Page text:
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Day 6 Women's Class Abihjata


Worse night's sleep so far - there were various animals attacking and eating each other outside my bedroom window and a fight to the death is never going to be a quiet affair. It was so noisy and close that it felt like I was actually out there amongst them, until eventually I realised that one of the large sliding windows in my bedroom was still wide open and got up to close it. Still smiling this morning though as we had women's class to look forward to. As much as I love my own practice, it is nice sometimes to just hand the reins over to someone else and let them decide for you and even better to have that strong motivating energy to propel you further and deeper and to lead you down paths you rarely think to tread. It's most especially delicious when it's normally your gig to do exactly that.

Class was fab - still standing poses and as there were apparently some newer beginner level students (as well as plenty of senior students who should know better but needed a kick up the backside) we went back to basics, though it was still very challenging and engaging. She talked about why Iyengar yoga is so incredibly valuable – Yes it brings strength, balance, healthy body but much more than that: Yoga Philosophy is abstract. Body is concrete. What Guruji did was bring the two together so that we can use the body to experience the truth of yoga philosophy within ourselves, not as an act of faith, but on a personal experiential level. Concrete.

In Prasarita Paddottonasana she said we get the head down and we are satisfied. We have a visual image of the pose in our minds and we aim to make that picture. Head on the floor is a shallow aim! Your mind has to go beyond this. You have to search each asana to find what is happening. You can never understand the magic of the asana if you are only making the image. After we had worked to bring life into the outer thighs she explained that life has to be felt in every pore of the skin so that the entire embodiment is filled with that sense of equanimity. That is our aim in the practice of asana.

She also focussed today on the students that had been using the wall for sirsasana - showing the class as a whole how to teach the balance so that it is really understood, rather than prematurely forcing someone to go up in the centre of the room without that understanding, without allowing the natural ripening process to take place.

It was one of those classes that kept going full tilt right to the very end and whilst we were in sarvangasana my blood sugar finally got the better of me and I had to come down and take some lucozade. As a type 1 diabetic it can be hard in a strenuous class to manage keep the blood sugar levels stable but within seconds I was ready to go again, so I didn't miss much.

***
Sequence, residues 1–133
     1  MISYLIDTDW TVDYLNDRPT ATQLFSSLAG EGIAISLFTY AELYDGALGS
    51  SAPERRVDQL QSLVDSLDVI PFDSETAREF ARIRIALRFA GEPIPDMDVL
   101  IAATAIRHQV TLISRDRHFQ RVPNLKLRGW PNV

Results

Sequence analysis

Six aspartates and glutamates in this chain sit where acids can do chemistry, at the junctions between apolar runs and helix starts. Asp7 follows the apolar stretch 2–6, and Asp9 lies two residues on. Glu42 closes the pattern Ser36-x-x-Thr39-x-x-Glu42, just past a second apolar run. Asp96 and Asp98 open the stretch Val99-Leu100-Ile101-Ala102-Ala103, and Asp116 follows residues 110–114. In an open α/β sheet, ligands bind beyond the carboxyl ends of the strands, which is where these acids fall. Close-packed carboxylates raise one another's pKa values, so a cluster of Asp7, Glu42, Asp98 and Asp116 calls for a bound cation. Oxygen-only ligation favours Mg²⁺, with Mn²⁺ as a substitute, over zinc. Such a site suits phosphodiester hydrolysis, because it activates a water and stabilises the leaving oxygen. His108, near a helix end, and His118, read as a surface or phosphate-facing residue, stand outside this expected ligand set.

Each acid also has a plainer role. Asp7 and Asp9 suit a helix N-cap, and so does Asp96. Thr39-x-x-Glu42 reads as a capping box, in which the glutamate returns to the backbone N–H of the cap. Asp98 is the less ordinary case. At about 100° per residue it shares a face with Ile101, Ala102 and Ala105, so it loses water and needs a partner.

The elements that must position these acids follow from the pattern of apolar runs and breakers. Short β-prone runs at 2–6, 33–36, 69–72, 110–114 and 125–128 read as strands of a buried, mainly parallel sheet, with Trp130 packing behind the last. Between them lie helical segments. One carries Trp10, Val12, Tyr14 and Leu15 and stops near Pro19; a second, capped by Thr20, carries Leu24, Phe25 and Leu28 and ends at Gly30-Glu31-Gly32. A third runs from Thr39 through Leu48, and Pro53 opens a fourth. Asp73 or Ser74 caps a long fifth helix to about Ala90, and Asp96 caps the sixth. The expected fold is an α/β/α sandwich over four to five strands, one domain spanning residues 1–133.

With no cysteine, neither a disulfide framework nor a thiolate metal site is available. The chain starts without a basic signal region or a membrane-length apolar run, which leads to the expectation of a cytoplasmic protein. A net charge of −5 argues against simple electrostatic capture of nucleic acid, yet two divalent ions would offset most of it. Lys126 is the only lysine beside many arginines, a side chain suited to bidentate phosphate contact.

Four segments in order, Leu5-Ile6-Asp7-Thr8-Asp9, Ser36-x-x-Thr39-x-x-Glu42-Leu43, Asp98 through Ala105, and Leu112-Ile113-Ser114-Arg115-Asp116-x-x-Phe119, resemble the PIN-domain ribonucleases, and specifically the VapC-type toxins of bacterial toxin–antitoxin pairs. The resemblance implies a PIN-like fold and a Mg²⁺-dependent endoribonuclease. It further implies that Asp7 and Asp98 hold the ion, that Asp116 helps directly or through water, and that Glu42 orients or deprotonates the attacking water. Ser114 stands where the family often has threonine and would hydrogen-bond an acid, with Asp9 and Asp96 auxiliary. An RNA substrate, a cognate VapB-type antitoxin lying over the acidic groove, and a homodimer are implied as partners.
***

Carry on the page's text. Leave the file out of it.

I arrived home to a strong smell of burning and Sushila called me in to the kitchen to show me that she hadn't infact burnt our lunch, but was intentionally smoking

an aubergine directly on the gas flame to make a rather delicious smoked aubergine dish. Yum. We had dinner out this eve on the top floor of Charu's to celebrate Susana's birthday, which sadly Kari Ann had to miss as she's succumbed to a horrible flu type illness again. Will visit tomorrow with some supplies. As we walked down the steps from Charu's I realised that for the first time ever in my entire yoga career, I could feel the work from the class in the backs of my thighs. Up early tomorrow as Abhijata has given me permission to film the children's classes as training material for teachers in the UK.

Saturday 6th January – Women’s Class Abihjata

'Equanimity throughout the embodiment'

  • Swastikasana for invocation 1) Keep pelvic girdle level – no part of pelvic girdle should touch the thigh, if it does you are leaning forward. 2) Coil back armpit forward. We will be chanting for 2 minutes. It is not long so you should be able to maintain the concentration on those 2 points for at least this long. After the invocation was complete she asked us to levelise the pelvic girdle and coil the back armpit forward. Did you do what I asked? Was there movement? Most agreed and she pointed out that if they were able to make this adjustment, then somewhere along the way they must have lost their attention and released the action. 2 adjustments for 2 minutes and not even this we can manage. This is what Guruji called the monkey mind. Like a child in a room full of toys. Our job as students of yoga is to learn a sustained concentration where we can learn an action and maintain it, even when we go on to learn other actions. We have to be doubly, triply attentive.

  • AMV AMS 1) Ascend root of thighs upward, push the front of the knee to the back of the knee. She told us the thighs were dropping forward. Fold the top corners of the mat inward and grasp the outer edges of the mat with the hands so that there is no fear of slipping. Can you take your heels down and lift your toes up so that the ball of the foot is down but the toes are raised up? If you can’t do this it is because the thighs are dropping downward. 2) Demonstration on stage to show the difference between just plonking your heels on the floor, where the buttocks get dragged down with the heels and the legs are lifeless, versus lifting the heels and drawing the thighs upward and then extending from the arch to the heel to take the heels down whilst maintaining the height of the buttocks and the root of the thighs sucking upward. Can you see the difference in the leg? We tried this ourselves to experience the difference in the extension of the legs. 3) Repeat same action, but add to it the front of the ankle moving backward, cutting the metatarsels back. This further refined the extension of the legs.

  • Can union happen if there is no communication / coordination?

  • Repeat AMS all of the above elements combined.